attention primarily on the accumulation and preservation of material
objects.20 While Hurley is best known for the Maisie Hurley Collection
of Native Art that is now housed at the North Vancouver Museum and
Archives, she was also an educator and advocate of indigenous rights.
Her biographer, Sharon Fortney, explains that Hurley envisioned her
art collection “playing an important role in cultural education and in
the revitalization of Native artistic traditions.”21 Similarly, the Reverend
19 Ravenhill, “Formation,” 7.
20 For salvage ethnology, see Douglas Cole, Captured Heritage: The Scramble for Northwest Coast
Artifacts (Vancouver: ubc Press, 1995).
21 Sharon Fortney, “Entwined Histories: The Creation of the Maisie Hurley Collection of Native
Art,” BC Studies 167 (2010): 73. See also Janey Mary Nicol, “The Voice of Maisie Hurley,” British
Columbia History 45, 2 (2012): 37-43.
George Raley, who headed the Coqualeetza Residential School in
Chilliwack, believed that revitalizing indigenous arts and crafts was
essential to the practical training, education, and economic well-being of
indigenous children.22 His biographer, Paige Raibmon, discovered that
Raley’s ideas about the role of arts and crafts in improving the lives of
indigenous people in Canada were also inspired by the “New-Deal-for-
Indians” era in the United States in the 1920s and 1930s.23 In this period,
American Indian educational policy shifted from one that sought to
eradicate indigenous culture to one that aimed to develop indigenous
culture in the Indian schools. Even though Canadian Indian day and
residential schools maintained an official policy of cultural assimilation
until after the Second World War, by the late 1930s, individuals like
Raley, Hurley, and Ravenhill were active and successful in promoting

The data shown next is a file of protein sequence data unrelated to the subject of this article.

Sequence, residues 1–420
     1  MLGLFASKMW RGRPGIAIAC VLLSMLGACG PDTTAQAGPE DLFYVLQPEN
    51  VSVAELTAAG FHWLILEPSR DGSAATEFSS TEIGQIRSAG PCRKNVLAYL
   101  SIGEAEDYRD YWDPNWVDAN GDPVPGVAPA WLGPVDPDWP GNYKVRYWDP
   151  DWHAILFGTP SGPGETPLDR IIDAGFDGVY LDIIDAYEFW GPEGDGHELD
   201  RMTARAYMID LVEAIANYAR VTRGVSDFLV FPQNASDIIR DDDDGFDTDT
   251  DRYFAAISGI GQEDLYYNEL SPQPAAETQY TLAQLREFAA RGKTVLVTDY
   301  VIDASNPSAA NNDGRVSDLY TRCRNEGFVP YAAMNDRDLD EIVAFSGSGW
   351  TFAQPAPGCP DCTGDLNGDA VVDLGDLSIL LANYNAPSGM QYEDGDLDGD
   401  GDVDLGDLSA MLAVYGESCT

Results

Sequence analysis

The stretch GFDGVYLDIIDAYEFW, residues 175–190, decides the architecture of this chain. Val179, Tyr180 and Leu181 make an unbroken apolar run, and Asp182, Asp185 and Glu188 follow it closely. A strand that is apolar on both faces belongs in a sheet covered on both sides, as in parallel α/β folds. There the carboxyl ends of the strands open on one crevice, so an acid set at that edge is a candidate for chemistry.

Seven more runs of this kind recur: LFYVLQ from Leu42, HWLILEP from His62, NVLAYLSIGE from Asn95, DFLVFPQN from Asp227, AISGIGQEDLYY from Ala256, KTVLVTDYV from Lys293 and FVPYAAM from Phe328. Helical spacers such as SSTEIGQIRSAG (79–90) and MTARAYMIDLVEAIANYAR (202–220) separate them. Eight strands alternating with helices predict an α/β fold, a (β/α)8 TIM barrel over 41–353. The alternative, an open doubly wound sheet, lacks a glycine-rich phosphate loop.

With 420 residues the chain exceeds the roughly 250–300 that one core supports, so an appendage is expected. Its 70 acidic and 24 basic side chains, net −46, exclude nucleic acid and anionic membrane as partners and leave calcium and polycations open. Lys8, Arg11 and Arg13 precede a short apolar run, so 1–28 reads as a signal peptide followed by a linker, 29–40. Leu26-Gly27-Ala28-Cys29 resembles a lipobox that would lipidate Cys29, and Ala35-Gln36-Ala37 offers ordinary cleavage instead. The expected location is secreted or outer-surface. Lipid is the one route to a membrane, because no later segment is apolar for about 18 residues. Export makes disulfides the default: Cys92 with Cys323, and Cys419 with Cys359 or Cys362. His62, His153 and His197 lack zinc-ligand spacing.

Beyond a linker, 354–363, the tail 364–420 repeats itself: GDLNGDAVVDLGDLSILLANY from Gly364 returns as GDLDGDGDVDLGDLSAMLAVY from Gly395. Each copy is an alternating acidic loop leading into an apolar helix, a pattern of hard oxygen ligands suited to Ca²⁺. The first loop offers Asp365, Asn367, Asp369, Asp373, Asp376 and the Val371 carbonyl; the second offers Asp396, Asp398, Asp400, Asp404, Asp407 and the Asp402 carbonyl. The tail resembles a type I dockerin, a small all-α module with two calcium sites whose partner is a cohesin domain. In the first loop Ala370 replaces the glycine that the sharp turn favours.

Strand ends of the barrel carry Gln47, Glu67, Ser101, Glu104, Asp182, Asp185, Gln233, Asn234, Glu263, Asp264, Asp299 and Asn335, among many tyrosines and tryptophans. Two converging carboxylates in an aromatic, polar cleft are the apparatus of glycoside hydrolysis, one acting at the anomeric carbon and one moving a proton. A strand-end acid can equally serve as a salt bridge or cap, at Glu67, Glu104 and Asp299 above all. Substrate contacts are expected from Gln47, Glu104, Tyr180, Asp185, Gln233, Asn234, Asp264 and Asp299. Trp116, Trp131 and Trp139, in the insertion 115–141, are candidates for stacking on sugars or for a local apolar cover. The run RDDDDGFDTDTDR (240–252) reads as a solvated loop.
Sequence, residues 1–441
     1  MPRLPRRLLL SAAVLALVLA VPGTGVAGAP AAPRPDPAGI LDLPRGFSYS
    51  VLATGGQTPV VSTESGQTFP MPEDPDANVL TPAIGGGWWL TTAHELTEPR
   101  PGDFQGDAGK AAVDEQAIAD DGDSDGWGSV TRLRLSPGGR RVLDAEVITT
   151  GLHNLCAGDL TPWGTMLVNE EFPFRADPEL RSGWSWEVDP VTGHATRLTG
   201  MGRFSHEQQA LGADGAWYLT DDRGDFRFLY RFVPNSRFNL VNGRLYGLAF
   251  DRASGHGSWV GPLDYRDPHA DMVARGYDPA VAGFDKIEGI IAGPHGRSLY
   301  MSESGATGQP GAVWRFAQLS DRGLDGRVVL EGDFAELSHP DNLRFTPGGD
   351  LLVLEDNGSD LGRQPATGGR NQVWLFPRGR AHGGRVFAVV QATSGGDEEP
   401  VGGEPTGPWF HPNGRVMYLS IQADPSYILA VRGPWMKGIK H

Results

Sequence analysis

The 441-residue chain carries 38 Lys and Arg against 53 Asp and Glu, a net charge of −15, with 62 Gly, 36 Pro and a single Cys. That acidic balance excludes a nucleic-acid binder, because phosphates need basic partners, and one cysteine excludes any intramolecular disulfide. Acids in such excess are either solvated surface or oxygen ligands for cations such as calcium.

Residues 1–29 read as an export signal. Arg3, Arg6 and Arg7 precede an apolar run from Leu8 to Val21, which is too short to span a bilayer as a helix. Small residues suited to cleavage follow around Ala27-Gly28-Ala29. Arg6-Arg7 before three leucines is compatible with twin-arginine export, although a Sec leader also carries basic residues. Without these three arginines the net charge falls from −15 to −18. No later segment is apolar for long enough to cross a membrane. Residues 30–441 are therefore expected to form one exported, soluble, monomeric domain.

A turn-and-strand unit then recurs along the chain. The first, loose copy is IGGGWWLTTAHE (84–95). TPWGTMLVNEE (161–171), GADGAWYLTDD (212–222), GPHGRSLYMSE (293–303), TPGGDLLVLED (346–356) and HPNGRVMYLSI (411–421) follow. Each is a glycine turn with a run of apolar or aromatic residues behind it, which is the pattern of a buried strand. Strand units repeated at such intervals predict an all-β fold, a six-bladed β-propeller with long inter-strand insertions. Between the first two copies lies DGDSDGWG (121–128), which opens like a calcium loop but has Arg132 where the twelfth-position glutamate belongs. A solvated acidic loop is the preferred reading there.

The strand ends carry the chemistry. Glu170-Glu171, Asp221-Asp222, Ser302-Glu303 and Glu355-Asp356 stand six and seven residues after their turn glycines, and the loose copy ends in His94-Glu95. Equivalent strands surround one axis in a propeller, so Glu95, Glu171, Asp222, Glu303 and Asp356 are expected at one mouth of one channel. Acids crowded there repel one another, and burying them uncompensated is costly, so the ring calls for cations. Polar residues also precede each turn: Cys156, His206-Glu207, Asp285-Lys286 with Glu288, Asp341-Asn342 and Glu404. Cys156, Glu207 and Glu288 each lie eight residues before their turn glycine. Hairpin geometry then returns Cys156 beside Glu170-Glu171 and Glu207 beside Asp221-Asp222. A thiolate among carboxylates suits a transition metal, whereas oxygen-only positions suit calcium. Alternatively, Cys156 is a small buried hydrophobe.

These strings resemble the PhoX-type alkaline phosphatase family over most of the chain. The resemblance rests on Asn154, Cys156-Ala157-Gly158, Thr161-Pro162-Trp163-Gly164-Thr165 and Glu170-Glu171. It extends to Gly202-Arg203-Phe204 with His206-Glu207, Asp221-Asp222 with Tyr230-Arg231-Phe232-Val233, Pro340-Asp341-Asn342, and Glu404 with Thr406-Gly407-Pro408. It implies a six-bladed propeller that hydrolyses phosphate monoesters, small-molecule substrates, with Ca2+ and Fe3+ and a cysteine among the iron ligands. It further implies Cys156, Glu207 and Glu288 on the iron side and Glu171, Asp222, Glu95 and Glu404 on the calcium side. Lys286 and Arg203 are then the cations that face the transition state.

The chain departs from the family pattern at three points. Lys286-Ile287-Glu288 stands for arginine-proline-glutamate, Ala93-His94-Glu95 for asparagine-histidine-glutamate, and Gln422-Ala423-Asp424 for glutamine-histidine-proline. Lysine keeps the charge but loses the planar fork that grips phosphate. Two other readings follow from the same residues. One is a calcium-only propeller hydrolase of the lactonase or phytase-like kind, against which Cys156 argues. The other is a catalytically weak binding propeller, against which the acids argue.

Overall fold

a program of revitalizing indigenous arts and crafts in these schools.24
Ravenhill ’s antimodernist critique of industrial capital echoed
William Morris and, more distantly, Marx’s ideas about the circulation
of capital.25 In Native Tribes, she notes the timeliness of studying pre-
historic peoples and cultures in the midst of an unprecedented economic
depression – the first great crisis of industrial capitalism in Canada.
Ravenhill describes 1930s Canada as
a period when comfort and convenience [were] measured by ability to
pay for their provision unrelated to the exercise of individual resource-
fulness; when every detail of daily life [was] supplied on a large scale
by mechanized methods; when distance [was] annihilated by modern
devices of transport, [and when] the achievements of a people isolated
for many centuries from contact with others [were] apt to be over-
looked and deprecated.26
Here, her argument for the importance of understanding pre-industrial
artistic skills is expressed as a critique of contemporary society. This
antimodernist aspect of her work, which drew from Morris’s writings,
ethnological practices of the day, New Deal politics in the United States,
and Marxism, contributed to her success in generating public interest
in indigenous arts and crafts.
22 Paige Raibmon, “A New Understanding of Things Indian: George Raley’s Negotiation of
the Residential School Experience,” BC Studies 110 (1996): 86-93.
23 Ibid., 90-91.
24 For indigenous arts and crafts in Canada, see Gerald R. McMaster, “Tenuous Lines of Descent:
Indian Arts and Crafts of the Reservation Period,” Canadian Journal of Native Studies 9,
2 (1989): 205-36.
25 See Karl Marx, Grundrisse, trans. Martin Nicolaus (New York: Penguin Books, 1973), 501-50.
26 Ravenhill, Native Tribes, 9.
Ravenhill’s antimodernist stance was further articulated as a critical
observation of the effects of European colonization and assimilation
policies. According to Ravenhill, pre-European Aboriginal peoples
expert in fishing, hunting, canoe making and house construction. But